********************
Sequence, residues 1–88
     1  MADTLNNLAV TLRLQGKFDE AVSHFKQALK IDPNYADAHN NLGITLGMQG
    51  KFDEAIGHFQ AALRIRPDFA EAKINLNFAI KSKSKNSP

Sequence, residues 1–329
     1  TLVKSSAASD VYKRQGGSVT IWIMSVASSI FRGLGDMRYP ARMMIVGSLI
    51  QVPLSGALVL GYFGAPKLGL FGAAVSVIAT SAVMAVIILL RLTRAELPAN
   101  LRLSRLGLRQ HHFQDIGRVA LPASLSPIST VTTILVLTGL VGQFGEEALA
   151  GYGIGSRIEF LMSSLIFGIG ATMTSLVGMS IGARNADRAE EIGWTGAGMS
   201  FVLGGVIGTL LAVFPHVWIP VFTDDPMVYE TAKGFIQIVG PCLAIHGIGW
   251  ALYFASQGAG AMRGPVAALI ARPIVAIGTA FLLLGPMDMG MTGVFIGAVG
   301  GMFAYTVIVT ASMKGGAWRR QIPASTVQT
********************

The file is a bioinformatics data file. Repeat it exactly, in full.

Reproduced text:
Sequence, residues 1–88
     1  MADTLNNLAV TLRLQGKFDE AVSHFKQALK IDPNYADAHN NLGITLGMQG
    51  KFDEAIGHFQ AALRIRPDFA EAKINLNFAI KSKSKNSP

Sequence, residues 1–329
     1  TLVKSSAASD VYKRQGGSVT IWIMSVASSI FRGLGDMRYP ARMMIVGSLI
    51  QVPLSGALVL GYFGAPKLGL FGAAVSVIAT SAVMAVIILL RLTRAELPAN
   101  LRLSRLGLRQ HHFQDIGRVA LPASLSPIST VTTILVLTGL VGQFGEEALA
   151  GYGIGSRIEF LMSSLIFGIG ATMTSLVGMS IGARNADRAE EIGWTGAGMS
   201  FVLGGVIGTL LAVFPHVWIP VFTDDPMVYE TAKGFIQIVG PCLAIHGIGW
   251  ALYFASQGAG AMRGPVAALI ARPIVAIGTA FLLLGPMDMG MTGVFIGAVG
   301  GMFAYTVIVT ASMKGGAWRR QIPASTVQT